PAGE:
Much of what attending FringeNYC means, though, is finding the shows that you’ll enjoy, or at least consider watchable, on your own. There are many ways to do this. One way is to look at the Culture Mob listings. Generally speaking, producers who care enough and are savvy enough to promote their work have work worth promoting. You might notice from previous hits that the savviest fringers tend to come up with the catchiest titles. So check out the list for example for Pie-Face! The Adventures of Anita Bryant or Bargains & Blood (How to Succeed in Home Shopping), which is described as â€œa trailer park tragi-comedyâ€. Warning: These do not get the Jonathan Mandell Seal of Approval and I will NOT be returning your $15 if they are duds. However, the author of “Bargains & Blood”, Blair Fell, is a recognizable name who wrote the stage serial “Burning Habits” and an award-winning episode of “Queer As Folk”.
This is another way to select a show, if you’ve seen something else by the same author or company. There’s this guy named, um, Harold Pinter who is having two of his plays produced at the fringe festival (something of a departure for the fringe to show the works of an established playwright). Patrick McNulty is directing two Pinter one-acts, “The Lover” and “Ashes To Ashes,” in an evening entitled “Harold Pinter Pair”
The fringe festival itself has a good guide, and on their Web site, what they call their Slice-O-Matic, the fringe search engine in which you can find a show by writer, genre, time, venue, title, etc. Type in “William Shakespeare” and get two links — one to “A Midsummer’s Night Dream” from the BAMA theater company from Alabama, with this description: “Not the fluffy fairytale you thought- 8 actors magically morphing from a caustic duke to a mischievous sprite, all out of 1 suitcase.”; the other to “M: An adaptation of Shakespeare’s Macbeth for three actors.”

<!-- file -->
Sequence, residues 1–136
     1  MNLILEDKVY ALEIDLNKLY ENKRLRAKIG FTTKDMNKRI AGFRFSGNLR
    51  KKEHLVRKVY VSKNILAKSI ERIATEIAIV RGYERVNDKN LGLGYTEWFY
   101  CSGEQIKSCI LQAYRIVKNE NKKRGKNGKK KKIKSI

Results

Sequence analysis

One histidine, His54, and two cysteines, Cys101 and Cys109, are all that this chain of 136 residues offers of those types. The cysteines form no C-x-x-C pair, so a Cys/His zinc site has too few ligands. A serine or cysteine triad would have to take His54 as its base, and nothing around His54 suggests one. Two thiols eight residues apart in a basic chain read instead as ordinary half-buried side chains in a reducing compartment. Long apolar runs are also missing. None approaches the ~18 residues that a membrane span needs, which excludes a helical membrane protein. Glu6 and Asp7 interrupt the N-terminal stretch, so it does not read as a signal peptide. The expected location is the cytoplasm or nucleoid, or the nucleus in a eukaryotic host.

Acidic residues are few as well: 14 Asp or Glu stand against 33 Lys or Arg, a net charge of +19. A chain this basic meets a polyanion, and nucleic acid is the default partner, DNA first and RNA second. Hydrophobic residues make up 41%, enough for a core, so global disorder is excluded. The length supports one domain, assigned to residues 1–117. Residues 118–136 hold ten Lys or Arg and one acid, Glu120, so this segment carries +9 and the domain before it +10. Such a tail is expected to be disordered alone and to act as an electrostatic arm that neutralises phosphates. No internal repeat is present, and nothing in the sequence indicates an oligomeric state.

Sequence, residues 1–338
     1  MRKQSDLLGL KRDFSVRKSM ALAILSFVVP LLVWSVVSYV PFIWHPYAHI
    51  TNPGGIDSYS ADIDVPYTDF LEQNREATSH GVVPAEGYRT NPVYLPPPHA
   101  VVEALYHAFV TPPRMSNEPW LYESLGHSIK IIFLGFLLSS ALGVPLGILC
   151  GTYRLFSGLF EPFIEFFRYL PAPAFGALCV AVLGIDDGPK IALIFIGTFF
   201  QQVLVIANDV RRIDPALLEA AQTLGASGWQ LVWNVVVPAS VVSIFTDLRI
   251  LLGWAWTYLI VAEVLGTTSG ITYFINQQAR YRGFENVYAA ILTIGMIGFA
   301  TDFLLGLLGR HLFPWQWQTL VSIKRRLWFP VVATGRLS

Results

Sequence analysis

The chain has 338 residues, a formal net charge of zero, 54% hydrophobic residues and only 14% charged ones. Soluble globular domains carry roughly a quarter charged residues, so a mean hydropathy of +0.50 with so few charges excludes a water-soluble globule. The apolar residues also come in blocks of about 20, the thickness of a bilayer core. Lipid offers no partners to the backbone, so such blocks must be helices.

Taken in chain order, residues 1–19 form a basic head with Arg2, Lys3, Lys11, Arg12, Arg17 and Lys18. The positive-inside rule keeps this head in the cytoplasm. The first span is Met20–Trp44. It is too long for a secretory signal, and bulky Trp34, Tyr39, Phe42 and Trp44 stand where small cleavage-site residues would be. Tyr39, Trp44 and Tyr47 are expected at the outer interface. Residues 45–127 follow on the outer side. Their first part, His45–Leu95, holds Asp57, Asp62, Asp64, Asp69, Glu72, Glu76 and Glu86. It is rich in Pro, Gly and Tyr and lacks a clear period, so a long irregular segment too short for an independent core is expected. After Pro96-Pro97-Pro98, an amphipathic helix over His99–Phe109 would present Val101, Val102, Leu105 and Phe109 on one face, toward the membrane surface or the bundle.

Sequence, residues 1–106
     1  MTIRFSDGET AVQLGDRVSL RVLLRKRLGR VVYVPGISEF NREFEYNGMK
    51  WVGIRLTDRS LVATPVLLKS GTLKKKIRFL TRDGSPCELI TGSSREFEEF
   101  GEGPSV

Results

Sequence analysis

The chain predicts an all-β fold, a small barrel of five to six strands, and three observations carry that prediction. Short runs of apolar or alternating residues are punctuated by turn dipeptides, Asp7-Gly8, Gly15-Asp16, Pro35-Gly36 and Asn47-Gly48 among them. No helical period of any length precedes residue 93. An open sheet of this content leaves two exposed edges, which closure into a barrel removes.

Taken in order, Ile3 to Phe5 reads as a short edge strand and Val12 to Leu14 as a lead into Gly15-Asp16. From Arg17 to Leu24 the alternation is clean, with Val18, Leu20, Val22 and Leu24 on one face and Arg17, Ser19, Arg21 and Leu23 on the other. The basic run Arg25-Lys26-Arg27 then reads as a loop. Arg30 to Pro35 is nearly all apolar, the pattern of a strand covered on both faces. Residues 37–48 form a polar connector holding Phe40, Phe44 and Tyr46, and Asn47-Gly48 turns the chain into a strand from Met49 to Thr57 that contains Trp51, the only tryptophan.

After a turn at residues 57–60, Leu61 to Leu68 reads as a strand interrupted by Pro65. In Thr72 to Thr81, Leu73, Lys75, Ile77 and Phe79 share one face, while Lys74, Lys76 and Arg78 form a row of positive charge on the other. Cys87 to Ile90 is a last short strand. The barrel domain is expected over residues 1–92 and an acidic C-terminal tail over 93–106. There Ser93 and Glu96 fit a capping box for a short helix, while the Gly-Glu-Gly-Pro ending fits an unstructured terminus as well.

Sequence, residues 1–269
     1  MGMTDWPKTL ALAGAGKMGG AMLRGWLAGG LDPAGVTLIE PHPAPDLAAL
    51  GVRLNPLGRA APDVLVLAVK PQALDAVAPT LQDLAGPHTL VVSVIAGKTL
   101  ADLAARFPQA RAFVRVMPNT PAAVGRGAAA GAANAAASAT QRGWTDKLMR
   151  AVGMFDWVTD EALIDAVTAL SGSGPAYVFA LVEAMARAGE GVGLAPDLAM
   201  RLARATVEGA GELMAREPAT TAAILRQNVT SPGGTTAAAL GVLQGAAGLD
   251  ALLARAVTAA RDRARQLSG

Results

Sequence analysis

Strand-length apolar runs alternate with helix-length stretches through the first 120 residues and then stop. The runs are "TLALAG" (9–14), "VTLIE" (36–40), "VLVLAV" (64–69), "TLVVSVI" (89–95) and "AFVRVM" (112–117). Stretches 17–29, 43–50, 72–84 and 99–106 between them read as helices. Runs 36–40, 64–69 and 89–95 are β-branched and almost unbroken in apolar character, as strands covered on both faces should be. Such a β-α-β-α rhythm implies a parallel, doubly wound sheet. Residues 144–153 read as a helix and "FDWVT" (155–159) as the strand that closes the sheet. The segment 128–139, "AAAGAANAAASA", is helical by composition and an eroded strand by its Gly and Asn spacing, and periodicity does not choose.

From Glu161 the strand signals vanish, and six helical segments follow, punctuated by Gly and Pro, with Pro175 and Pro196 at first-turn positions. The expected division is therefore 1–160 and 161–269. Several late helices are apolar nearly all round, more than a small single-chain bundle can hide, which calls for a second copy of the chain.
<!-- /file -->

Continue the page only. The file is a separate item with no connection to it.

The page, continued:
A test that a show is at least watchable is if it has been performed previously (but this is not fool-proof).
Shows that seem to be extracting some elements from past hit fringe shows — most obviously this year “Jen & Angie” in which Angelina Jolie and Jennifer Aniston are stuck on a desert island — do not guarantee the show will be bad, nor that it will be good. In this case, “Jen & Angie” is presented by the Upright Citizens Brigade, a comedy troupe with a track record.
Shows that promise nudity tend to get sold out soonest, but the most shocking thing to come out of the New York Fringe Festival may be the realization of how boring nudity can be (and just because a show features naked people in its promotional poster or postcard does not mean there will be any on the stage. Take, for example, this promo for Dirty Stuff.
â€œDirty Stuffâ€ is Jonny McGovern‘s one-man show. So only one of these six people depicted will actually be on stage. Guess which one.)
But the best way to find a worthwhile fringe show is to ask other festival-goers standing on any fringe line.
FringeNYC shows run 4pm – midnight weekdays and noon – midnight on weekends. Tickets are $15 each at www.fringenyc.org, 212-279-4488 (inside NYC) or 1-888.FRINGENYC (outside NYC)or in-person at FringeCentral, the primary ticketing and information hub for the festival (54 Crosby Street between Spring and Broome; open noon – 8pm daily). Discount passes for multiple shows ($70 for a Fiver Pass, $120 for a Flex Pass good for 10 shows, and $500 for an all-you-can-see Lunatic Pass) are also available. For more information visit www.FringeNYC.org.